Gold To Break Away From Equities

|
 |  Includes: GLD, IAU
by: Emanuel Balarie

I have been watching gold like a hawk this week. The main reason has to do with the fact that the way it has been trading has boggled the minds of many gold investors. Specifically, I am referring to how gold prices have moved step by step with the equity markets.

As you can see from the following chart, gold has pretty much tracked the S&P in terms of its movement. When the market rallies, gold rallies. When the market sells off, gold sells off. Even the bullish fundamental news that has come out this week (higher than expected inflation) has failed to push the price of gold above its range bound trading (640-660). So the question becomes…is this a new trend? Or simply a short-term reaction to what has happened in the market over the last couple of weeks. In other words, will gold continue to track the market or will it finally decouple and trade by its own merits?

GRAPH50

This question is magnified by the fact that I believe we are still in the infant stages of this stock market decline. If the stock market continues its decline and gold continues its correlation to the equities markets, I would expect the price of gold to break below the range and drop to the 590 to low 600’s level. On the other hand, if we see gold decouple from the equities market, the upward movement in gold will be sharp and quick.

As of now, investors in the gold market continue to keep an eye on the stock market. Only time will tell when this short-term trend will end. However, I do believe that the moment we see gold move sharply upward (and above the 660 level) while the stock market has a sharp decline, this will likely symbolize this decoupling. Fund buying will likely come in around those levels and investors will once again realize that gold is not only a value play, but an irreplaceable asset for their portfolio. Until then, I am keeping a cautious watch on the gold market. Long-term and intermediate-term fundamentals remain in place, but the short-term correlation with the stock market is quite interesting.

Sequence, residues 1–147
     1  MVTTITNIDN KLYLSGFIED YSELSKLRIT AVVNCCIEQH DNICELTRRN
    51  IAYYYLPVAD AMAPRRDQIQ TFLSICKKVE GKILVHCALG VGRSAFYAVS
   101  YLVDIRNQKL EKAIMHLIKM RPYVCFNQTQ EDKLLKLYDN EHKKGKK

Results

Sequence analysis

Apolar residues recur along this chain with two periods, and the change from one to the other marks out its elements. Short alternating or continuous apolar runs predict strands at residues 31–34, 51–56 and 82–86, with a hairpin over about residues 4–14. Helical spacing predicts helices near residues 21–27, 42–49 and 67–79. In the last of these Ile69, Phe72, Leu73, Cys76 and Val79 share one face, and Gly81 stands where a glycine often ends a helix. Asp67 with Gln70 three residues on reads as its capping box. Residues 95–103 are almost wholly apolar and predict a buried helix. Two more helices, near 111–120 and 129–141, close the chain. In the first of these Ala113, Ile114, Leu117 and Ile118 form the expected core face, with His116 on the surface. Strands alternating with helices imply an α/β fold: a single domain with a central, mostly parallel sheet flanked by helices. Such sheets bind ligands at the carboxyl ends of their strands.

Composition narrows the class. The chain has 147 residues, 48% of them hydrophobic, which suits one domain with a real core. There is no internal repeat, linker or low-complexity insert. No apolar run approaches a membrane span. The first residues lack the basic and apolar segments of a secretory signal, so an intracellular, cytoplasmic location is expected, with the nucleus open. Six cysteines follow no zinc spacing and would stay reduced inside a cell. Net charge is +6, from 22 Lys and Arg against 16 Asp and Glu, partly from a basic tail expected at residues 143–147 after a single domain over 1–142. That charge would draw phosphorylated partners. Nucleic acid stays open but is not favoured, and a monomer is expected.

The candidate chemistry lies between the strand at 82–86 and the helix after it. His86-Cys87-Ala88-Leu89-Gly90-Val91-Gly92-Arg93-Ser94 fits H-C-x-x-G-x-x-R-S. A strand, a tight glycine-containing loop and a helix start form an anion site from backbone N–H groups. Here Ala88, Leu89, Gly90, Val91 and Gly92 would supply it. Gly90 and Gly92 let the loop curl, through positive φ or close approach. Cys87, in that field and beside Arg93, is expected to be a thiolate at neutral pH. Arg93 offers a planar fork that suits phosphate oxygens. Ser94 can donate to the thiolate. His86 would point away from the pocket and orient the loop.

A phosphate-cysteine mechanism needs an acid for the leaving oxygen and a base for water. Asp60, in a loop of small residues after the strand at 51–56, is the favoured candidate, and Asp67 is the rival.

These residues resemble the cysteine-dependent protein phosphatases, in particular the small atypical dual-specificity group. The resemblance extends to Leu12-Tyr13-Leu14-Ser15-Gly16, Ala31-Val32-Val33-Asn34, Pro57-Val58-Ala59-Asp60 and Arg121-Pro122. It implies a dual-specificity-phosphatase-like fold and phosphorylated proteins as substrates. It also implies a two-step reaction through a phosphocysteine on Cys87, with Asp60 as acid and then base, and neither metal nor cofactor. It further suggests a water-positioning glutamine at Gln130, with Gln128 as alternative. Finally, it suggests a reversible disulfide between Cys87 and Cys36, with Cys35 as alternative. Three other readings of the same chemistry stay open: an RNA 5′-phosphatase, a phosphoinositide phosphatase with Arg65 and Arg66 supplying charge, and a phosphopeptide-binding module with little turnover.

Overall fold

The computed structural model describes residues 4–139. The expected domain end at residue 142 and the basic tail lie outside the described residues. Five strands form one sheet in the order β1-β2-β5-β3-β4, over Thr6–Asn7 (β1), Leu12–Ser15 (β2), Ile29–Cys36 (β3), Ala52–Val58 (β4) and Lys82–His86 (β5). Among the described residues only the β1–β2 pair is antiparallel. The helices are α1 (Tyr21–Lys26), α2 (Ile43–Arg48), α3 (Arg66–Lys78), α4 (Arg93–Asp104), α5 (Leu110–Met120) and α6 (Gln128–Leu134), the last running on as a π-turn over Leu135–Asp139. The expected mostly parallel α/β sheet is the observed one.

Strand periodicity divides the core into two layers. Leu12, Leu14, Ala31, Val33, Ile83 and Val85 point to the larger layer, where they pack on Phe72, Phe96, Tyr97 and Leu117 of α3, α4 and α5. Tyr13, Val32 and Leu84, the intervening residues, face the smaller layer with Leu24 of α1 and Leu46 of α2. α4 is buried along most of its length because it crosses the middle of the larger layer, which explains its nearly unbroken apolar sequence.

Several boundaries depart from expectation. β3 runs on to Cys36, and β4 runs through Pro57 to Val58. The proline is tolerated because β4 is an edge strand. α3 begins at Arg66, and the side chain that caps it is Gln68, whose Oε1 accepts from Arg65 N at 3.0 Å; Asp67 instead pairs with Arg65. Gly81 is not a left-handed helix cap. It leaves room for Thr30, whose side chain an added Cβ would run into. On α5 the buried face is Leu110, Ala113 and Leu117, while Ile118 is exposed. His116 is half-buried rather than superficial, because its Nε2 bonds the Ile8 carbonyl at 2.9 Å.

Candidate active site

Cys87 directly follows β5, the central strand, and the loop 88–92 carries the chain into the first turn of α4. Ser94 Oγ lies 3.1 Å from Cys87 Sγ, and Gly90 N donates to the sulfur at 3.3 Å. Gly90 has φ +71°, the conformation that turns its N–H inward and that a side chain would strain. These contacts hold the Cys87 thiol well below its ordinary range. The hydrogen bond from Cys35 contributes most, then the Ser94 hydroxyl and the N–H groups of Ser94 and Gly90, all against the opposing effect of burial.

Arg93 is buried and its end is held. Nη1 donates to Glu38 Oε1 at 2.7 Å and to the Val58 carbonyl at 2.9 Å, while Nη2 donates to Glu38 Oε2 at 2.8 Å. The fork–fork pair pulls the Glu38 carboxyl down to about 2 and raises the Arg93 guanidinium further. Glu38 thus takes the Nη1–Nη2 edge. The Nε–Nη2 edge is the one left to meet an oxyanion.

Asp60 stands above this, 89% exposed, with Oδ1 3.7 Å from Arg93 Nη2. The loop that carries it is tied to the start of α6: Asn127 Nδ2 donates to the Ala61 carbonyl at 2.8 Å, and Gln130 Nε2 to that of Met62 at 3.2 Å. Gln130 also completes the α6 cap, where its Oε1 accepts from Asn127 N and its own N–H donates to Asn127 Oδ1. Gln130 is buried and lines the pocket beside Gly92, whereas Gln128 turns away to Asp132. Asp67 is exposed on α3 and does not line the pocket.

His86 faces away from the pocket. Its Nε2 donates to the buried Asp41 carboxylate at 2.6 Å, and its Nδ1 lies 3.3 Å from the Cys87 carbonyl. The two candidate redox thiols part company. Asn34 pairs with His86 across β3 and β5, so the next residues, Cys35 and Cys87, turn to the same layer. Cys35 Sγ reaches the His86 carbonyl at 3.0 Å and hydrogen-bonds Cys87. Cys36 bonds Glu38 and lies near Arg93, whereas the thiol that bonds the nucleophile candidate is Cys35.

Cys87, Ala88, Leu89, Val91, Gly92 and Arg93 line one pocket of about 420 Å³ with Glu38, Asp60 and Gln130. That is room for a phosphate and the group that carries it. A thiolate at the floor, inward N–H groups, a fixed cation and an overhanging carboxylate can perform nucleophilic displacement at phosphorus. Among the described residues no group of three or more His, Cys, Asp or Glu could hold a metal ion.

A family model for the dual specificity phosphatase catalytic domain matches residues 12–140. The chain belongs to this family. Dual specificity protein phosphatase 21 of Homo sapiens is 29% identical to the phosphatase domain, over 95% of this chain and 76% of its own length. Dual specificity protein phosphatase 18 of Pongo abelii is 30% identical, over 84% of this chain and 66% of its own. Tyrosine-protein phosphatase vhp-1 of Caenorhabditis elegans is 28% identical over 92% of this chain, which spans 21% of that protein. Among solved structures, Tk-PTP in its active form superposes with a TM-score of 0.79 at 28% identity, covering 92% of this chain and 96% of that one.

Inflation and Gold

Inflation numbers came in above expectations, surprising many Wall Street analysts. The US producer price index grew by 1.3% in February, the biggest amount in 3 months. Economists were expecting only a 0.5% increase. The core producer price index, which doesn’t include food and energy prices, also grew by twice the expected amount (0.4%). On the consumer side, the US consumer price index grew by 0.4% in February and core CPI increased by 0.2 %.

With these numbers, there is now renewed talk about inflation. Many on Wall Street had incorrectly surmised that inflation was moderating and no longer a concern. The above numbers clearly show that this is not the case. In fact, I believe that the inflation problem is a bigger problem then most acknowledge and even bigger than the problems surrounding the slowing economy (yes, I do believe there is a strong likelihood of stagflation).

In my opinion, if the Fed does not act accordingly and raise rates, they will only prolong the inflationary problem that will get exponentially worse. I have repeatedly stated that the problem surrounding the Fed and their vigilance to fight inflation is that they are not focusing on the right information. Relying on the core CPI data to determine whether or not we have inflation is similar to a doctor who will not prescribe medication (even though the symptoms are fairly obvious) until the lab comes back a couple weeks later with the reports. Now, I don’t want to offend any in the medical field, but the point I am trying to make here is simply that waiting until higher prices finally transpire in goods and services will only allow further liquidity to flood the market. The Fed should look more closely at the money supply and what brought us this rising price environment, rather than at lagging indicators. Raising rates, not cutting rates, should be the Fed’s next move.

Of course, whether or not the Fed decides to raise rates is still to be determined. What is clear, however, is that gold will benefit from an inflationary environment. While inflation erodes savings and wealth, gold has historically preserved wealth. In addition, it is perhaps the best hedge against inflation.

Disclosure: Author has no position in any of the above-mentioned securities